- The Washington Times - Tuesday, April 14, 2015

The D.C. Council narrowly voted down a $66 million contract that would have placed for-profit company Corizon Health in charge of providing healthcare at the city jail.

The 6-5 vote pitted those who had concerns about the company’s history of providing medical care at other facilities against members who grimaced at getting involved in contracting matters already vetted by the city’s procurement experts.

“We shouldn’t be in this business. If we are going to be in the business, then we ought to respect the process,” said D.C. Council member Jack Evans, Ward 2 Democrat, who voted for approval of the contract.

But others questioned the thoroughness of a procurement process that awarded the contract to Corizon without making mention of numerous lawsuits filed against the company in other states as well as those that have dropped contracts with the company over recent years.

Council Member Mary Cheh, Ward 3 Democrat, said the council’s job in this circumstance was to “serve as a backstop” for contracting decisions.



“We’re supposed to be here to catch what I would call manifest mistakes. This is such a case,” Ms. Cheh said before voting against the contract award.

The contract would have put Corizon in charge of providing medical, mental health, pharmacy and dental services for at least three years to the roughly 2,200 inmates in the District’s Department of Corrections. The District’s Office of Contracting and Procurement recommended awarding the contract to Corizon at a cost of 7 percent, or $4.4 million, more than the bid received from Unity Health Care, which has overseen health care at the jail since 2006.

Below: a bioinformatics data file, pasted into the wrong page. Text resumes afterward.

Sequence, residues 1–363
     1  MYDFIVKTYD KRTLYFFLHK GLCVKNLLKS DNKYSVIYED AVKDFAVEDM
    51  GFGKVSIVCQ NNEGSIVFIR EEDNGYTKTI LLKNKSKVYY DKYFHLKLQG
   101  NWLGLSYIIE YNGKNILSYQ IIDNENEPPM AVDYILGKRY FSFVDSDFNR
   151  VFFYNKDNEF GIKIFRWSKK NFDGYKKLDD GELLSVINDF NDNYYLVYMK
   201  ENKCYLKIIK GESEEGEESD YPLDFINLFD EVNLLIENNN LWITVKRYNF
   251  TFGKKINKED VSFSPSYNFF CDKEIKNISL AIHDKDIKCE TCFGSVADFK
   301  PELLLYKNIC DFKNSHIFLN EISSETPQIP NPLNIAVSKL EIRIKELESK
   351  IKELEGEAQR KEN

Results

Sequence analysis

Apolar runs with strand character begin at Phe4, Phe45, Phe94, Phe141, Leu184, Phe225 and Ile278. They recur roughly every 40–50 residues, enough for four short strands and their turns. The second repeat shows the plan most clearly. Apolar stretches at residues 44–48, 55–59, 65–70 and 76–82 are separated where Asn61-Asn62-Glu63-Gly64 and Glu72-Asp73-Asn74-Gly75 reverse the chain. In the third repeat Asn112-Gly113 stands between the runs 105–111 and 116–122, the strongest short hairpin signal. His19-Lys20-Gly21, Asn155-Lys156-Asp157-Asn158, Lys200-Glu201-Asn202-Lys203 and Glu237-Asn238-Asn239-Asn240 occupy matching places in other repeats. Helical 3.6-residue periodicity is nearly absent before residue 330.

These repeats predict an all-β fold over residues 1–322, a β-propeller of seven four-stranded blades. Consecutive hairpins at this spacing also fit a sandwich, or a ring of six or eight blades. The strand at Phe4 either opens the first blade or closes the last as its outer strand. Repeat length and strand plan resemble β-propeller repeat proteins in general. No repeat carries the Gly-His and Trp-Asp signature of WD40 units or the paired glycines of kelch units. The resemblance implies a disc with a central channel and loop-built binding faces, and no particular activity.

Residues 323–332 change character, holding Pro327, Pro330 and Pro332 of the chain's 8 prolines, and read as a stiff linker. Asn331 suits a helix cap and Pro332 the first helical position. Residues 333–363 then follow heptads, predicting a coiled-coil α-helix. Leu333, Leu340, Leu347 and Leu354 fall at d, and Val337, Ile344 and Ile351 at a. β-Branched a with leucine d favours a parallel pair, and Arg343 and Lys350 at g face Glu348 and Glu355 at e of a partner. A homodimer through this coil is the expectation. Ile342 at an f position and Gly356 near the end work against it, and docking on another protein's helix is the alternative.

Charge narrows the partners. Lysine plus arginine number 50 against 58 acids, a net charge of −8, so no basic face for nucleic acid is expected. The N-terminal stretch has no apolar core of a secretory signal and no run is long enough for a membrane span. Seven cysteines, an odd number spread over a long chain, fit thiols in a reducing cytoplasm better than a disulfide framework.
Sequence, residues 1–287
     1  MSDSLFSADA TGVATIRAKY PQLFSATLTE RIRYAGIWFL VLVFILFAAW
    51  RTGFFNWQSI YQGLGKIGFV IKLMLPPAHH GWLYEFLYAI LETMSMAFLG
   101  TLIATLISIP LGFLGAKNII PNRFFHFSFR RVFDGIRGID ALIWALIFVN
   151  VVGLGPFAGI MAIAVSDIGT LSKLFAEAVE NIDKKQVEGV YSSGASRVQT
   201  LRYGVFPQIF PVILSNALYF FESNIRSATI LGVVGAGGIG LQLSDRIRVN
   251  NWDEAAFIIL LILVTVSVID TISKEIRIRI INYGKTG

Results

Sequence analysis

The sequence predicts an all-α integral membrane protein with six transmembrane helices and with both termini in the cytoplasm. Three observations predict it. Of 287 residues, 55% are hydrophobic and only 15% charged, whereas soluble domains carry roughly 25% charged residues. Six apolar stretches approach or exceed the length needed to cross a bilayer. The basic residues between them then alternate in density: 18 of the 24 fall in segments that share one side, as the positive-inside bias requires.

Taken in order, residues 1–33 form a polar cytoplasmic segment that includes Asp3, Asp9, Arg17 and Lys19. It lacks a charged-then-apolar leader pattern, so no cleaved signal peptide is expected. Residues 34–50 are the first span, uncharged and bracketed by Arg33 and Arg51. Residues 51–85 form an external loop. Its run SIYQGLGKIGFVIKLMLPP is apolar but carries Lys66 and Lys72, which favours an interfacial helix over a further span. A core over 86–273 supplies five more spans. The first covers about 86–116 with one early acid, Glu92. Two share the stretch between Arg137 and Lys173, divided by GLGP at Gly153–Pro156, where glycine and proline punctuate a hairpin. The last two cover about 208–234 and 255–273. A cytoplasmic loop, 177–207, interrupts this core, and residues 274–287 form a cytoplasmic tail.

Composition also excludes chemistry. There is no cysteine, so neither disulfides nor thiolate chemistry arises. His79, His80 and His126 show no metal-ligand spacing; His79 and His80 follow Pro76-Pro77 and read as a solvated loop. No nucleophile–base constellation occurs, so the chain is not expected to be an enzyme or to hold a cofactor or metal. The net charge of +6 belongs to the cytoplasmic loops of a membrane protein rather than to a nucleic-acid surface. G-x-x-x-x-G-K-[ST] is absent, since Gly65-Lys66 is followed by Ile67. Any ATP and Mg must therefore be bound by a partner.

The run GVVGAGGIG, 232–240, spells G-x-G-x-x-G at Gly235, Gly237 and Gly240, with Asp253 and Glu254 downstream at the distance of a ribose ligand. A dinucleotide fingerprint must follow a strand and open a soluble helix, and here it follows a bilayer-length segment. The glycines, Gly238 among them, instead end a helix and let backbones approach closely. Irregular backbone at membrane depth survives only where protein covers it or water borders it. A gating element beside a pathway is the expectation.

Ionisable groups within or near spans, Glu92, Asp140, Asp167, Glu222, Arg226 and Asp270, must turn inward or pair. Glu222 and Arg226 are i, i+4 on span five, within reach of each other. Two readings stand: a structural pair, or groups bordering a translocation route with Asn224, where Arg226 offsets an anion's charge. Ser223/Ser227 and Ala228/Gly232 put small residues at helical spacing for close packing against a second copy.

Council Chairman Phil Mendelson said payouts from lawsuits filed against the District in regard to healthcare issues at the jail have seen “a breathtaking drop” during the time Unity has had the contract with the city. From 2006 through the present, he said there have been $59,000 in judgments against the District on account of lawsuits regarding healthcare at the jail compared to $1.2 million in judgments from 2002 through 2006 under a different provider, he said.

Along with Ms. Cheh and Mr. Mendelson, council members Charles Allen, David Grosso, Brianne Nadeau, and Elissa Silverman voted against the contract award.

The rejection of the Corizon contract ends an 18-month procurement and review process that will now likely have to be restarted so that the city can select a new healthcare provider. In the interim, Unity will continue to provide healthcare at the jail under an extended contract. But a spokesman for D.C. Mayor Muriel Bowser, who supported the Corizon award, said the city will be overpaying in the short term on that contract because it is based on a fixed number of inmates that is higher than the jail’s current population.

“The Council’s action will extend overpayment for care, which does not fully meet the health needs of a vulnerable population, until a new contract can be awarded,” spokesman Mike Czin said.

Corizon officials were disappointed with the decision.

“It’s unfortunate that the D.C. Council did not approve their peers’ recommendations,” said Woodrow A. Myers, Jr., chief executive officer of Corizon. “The company wishes the D.C. Department of Corrections and its residents well.”

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